Knifeman who killed Brussels police officer was on a terrorist watch list

Accused stabbed two officers as their patrol car waited at a red light, before he was shot by police

Belgian police officers in the area where two colleagues were stabbed in Brussels.  AP
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A knifeman who killed a police officer in Brussels, Belgium, and wounded a second, was on a terrorist watch list over fears he had been radicalised in prison, officials said on Friday.

The man, identified as Yassine M, attacked the officers as they waited at a red traffic light in their patrol car at 7.15pm on Thursday.

A citizen of Belgium, the 32-year-old stabbed the driver in the neck and a second officer in the arm, said Eric Van Der Sypt, a spokesman of the prosecutor's office.

Only hours earlier he had been taken to a psychiatric ward after entering a police station and threatening to harm officers.

"The passenger managed to call for assistance by radio and stated the attacker had shouted 'Allahu Akbar'," Mr Van Der Sypt said.

The officer named as Thomas Monjoie, 29, succumbed to his wounds in hospital.

His 23-year old colleague, who had only recently graduated as a police recruit, underwent surgery on Thursday evening and was in a stable condition, the spokesman said.

On Friday, federal prosecutors said the accused was on a watch list of potential extremists kept by Belgium's anti-terrorism agency and also on a list of people who it was feared had been radicalised in prison.

Since 2016 he has been on the CELEX list, the list of the Prison Extremism Cell, officials said.

“The man was on the Co-ordination Body for Threat Analysis' (Ocad) list,” said Mr Van der Sypt, referring to the organisation that assesses terrorism threats in Belgium.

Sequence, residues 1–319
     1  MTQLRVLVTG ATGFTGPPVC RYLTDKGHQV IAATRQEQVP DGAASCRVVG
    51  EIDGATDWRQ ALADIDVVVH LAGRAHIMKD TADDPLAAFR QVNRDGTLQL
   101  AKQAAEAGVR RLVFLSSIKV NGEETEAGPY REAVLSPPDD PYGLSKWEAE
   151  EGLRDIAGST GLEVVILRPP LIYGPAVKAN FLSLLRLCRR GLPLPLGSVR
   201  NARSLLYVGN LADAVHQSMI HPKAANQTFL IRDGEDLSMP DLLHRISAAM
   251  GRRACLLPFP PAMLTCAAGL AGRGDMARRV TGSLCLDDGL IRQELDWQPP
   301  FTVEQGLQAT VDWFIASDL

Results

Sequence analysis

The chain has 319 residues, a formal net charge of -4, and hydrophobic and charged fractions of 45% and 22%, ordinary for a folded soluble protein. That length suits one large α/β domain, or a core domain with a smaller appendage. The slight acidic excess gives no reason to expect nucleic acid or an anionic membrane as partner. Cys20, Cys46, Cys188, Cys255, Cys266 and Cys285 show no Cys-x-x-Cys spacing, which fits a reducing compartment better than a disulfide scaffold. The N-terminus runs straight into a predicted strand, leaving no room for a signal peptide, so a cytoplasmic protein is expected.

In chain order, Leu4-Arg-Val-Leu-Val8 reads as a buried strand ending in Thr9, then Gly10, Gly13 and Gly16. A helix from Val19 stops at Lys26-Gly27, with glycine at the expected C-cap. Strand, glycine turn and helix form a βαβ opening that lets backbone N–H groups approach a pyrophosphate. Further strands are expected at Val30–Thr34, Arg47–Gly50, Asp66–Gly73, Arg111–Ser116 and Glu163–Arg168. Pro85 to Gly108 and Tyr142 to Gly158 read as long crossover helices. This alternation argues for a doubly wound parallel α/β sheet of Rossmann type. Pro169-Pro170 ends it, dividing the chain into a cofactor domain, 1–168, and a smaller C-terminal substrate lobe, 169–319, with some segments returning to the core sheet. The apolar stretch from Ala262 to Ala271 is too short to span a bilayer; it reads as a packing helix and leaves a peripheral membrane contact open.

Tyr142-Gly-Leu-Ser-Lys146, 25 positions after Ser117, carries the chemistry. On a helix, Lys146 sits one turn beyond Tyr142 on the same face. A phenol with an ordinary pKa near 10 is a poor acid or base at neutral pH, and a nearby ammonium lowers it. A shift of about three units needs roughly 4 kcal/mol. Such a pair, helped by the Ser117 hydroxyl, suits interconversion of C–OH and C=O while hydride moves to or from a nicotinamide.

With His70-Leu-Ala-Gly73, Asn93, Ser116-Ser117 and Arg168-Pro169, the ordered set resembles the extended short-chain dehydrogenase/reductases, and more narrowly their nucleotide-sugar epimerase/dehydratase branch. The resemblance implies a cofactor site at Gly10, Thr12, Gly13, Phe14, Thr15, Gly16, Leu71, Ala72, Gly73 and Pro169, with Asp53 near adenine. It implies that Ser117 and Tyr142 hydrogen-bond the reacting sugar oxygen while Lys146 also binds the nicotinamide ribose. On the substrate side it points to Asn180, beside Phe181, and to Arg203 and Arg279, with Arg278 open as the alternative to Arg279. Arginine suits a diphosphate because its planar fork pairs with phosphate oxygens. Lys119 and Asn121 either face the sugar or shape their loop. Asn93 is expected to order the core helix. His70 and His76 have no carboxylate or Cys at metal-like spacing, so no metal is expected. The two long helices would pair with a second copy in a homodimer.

The attack occurred near the usually busy Brussels Nord station, after the evening rush hour.

A spokeswoman for the Brussels prosecutor's office, Sarah Durant, said the suspect had made “unhinged remarks” during a discussion with officers hours before the attack.

The knifeman who fatally stabbed a Brussels police officer before being shot and arrested was on a terrorism watch list. AFP

As he voluntarily asked for psychological help, he was not arrested and was instead sent to a hospital, which he left soon after.

After the stabbings, the accused was shot and wounded by police officers and taken to hospital, where he will be questioned once his recovery allows.

Officials told The National officers had shot him in the leg and that he had previously served time in prison between 2013 to 2019 for offences of violence.

Belgian authorities kept the overall terrorist threat level at two out of a possible four, meaning the risk of an attack was medium.

Belgian Prime Minister Alexander De Croo posted a message of condolence to the family and friends of the dead officer.

“Our police officers risk their lives every day to ensure the safety of our citizens,” he said.

“Today’s tragedy demonstrates this once again.

Interior Minister Annelies Verlinden said she was in contact with the Brussels mayor, police chief and security services to co-ordinate the response to the attack.

“Such violence against our people is unacceptable,” she said.

“Terrible drama and heartbreaking news. My thoughts are first and foremost with the next of kin, the members of the police zone, and the entire police organisation.”

Authorities faced criticism for not arresting the suspect when he made his initial threats to the police early on Thursday, but Ms Durant said procedures stipulate that he had to be taken by police to a hospital because he had asked for psychological help.

“Police remained there until hospital staff took over,” she said.

A few hours later, when police checked on his whereabouts, it appeared that the person had left the hospital.

Brussels has suffered several attacks in the past decade, including suicide bombings in 2016 that killed 32 people and injured hundreds more in the Brussels and at the airport.

Updated: November 11, 2022, 4:58 PM